STATEMENT BY H.E. DR. JOHN W. ASHE, AMBASSADOR/PERMANENT REPRESENTATIVE OF ANTIGUA AND BARBUDA TO THE UN, ON BEHALF OF THE GROUP OF 77 AND CHINA, AT THE OPENING OF THE HIGH-LEVEL SEGMENT OF THE SIXTEENTH SESSION OF THE UN COMMISSION ON SUSTAINABLE DEVELOPMENT (CSD-16): THE WAY FORWARD (New York, 14 May 2008)
H.E. Mr. Ban Ki-Moon, Secretary-General;
Distinguished Delegates and representatives;
1. I have the honour to deliver this statement on behalf of the Group of 77 and China.
2. The Group accords high importance to the implementation of the outcomes of the major UN Conferences related to economic and social fields, including Agenda 21 and JPOI. We believe that the discussions of CSD on various thematic issues will highly contribute to the achievement of Agenda 21 and the internationally-agreed development goals, including the MDGs, by 2015. Based on the multi-year programme of work of CSD, addressing the gaps and constraints in implementation on Agenda 21 and JPOI is critical in order to identify the way forward.
3. The Group also attaches great importance to the consideration of the thematic issues in the agenda of CSD in the context of the three pillars of sustainable development, which include economic development, social development and environmental protection. The three pillars are mutually reinforcing and inter-related and they must be considered in an integrated manner.
4. The themes for this year's review session - agriculture, rural development, land, drought, desertification, and Africa - assume great relevance, perhaps unforeseen at the time of setting the Commission's multi-year programme of work back in 2003, when we consider the current global context. At once we are faced with a global food crisis; international financial and monetary crisis; unprecedented climate change; deadlocked trade negotiations in the WTO; and declines in ODA. The confluence of these factors will test the resolve of the international community and further challenge national governments in their effort to implement their sustainable development plans.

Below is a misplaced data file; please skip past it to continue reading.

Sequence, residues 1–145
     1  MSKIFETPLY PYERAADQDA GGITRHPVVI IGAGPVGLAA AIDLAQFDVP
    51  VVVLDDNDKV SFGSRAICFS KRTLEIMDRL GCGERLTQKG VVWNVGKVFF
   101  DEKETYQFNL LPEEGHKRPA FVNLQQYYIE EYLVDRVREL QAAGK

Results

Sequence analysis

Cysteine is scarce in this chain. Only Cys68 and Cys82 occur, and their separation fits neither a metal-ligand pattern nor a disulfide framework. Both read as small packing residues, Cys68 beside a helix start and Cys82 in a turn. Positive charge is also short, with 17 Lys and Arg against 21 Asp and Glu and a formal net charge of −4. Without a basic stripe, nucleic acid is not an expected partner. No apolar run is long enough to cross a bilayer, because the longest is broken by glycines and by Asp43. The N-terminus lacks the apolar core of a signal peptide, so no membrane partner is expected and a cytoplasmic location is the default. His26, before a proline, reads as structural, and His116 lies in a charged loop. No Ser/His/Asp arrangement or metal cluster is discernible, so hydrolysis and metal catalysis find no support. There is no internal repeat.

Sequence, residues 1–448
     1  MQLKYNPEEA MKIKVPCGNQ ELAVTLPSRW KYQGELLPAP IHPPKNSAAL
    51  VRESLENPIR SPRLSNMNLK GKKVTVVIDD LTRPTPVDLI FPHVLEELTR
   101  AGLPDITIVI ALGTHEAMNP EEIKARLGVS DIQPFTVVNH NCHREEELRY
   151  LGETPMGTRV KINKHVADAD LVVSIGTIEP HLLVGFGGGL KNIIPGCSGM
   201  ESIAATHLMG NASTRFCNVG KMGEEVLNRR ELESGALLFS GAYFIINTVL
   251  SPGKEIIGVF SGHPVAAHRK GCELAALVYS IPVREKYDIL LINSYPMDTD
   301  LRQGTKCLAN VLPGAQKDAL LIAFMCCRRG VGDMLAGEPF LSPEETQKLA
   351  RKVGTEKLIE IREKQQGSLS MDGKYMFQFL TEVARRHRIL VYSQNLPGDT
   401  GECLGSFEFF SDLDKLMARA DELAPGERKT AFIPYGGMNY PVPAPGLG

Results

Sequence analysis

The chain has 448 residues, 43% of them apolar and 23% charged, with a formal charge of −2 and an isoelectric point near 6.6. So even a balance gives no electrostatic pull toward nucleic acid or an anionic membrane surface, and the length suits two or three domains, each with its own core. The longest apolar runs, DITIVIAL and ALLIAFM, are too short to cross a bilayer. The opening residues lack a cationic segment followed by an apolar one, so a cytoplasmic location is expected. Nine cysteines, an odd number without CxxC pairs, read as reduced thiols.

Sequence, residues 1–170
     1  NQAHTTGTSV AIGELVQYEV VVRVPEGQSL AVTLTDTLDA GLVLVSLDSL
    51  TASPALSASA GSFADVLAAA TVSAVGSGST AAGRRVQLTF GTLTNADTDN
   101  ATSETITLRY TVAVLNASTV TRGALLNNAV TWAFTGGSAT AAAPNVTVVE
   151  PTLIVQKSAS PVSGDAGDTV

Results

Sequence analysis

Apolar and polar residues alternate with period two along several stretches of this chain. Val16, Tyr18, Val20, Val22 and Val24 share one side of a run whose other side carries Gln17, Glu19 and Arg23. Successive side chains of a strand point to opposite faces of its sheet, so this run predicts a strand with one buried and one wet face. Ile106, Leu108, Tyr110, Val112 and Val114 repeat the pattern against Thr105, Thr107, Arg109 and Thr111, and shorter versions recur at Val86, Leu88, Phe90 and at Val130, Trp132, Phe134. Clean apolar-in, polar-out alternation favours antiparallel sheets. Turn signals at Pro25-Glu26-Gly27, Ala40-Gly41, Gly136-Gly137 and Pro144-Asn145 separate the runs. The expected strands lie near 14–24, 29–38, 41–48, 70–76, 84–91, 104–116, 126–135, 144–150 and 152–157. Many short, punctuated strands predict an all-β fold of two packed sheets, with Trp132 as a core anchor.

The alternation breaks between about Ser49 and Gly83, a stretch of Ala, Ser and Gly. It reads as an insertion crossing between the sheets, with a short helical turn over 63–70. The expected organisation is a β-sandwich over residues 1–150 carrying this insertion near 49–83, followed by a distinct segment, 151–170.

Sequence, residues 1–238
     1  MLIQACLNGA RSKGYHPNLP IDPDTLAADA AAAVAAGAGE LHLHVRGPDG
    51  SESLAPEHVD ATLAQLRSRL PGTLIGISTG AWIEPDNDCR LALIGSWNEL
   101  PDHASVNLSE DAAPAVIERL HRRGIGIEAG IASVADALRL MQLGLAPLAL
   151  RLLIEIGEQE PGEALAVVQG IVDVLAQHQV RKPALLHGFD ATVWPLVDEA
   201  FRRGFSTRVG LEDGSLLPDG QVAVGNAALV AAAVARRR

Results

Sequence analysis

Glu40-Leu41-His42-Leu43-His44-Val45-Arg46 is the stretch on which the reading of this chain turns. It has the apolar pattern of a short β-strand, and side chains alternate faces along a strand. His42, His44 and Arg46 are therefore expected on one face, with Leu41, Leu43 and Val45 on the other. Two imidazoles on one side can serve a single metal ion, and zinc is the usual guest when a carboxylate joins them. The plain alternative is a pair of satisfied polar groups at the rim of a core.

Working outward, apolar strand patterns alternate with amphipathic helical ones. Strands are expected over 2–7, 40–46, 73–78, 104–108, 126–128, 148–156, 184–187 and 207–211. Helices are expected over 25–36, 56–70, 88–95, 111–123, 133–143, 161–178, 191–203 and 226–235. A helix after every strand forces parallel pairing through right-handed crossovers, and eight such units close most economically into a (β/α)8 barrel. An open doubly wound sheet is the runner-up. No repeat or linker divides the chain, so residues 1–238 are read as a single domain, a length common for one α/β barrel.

5. The Group reaffirms its commitment to the Rio Principles, which are particularly relevant in the present context of mounting challenges to sustainable development. The Group reiterates that, for developing countries as a whole, the means to implement sustainable development plans and strategies are of utmost priority. Without the means of implementation, sustainable development plans and strategies will remain scarcely more than words on a page.
6. Therefore, for us to move forward, it is necessary to once again draw the attention of the international community to the severely inadequate progress achieved with regard to the means of implementation - trade, finance, technology transfer, capacity building, education, scientific research. The way forward must include concerted efforts to close the implementation gap in this regard.
7. Rural development, land management and agricultural development are crucial in all countries, particularly in developing countries. Land degradation and desertification continue to pose serious threats to the national efforts of developing countries to achieve development goals, including protecting the environment. We believe the international community, through appropriate mechanisms such as UNCCD and GEF, should intensify its support to developing countries in rural areas, sustainable management of lands, development of agriculture, adaptation to drought, and combating desertification and land degradation.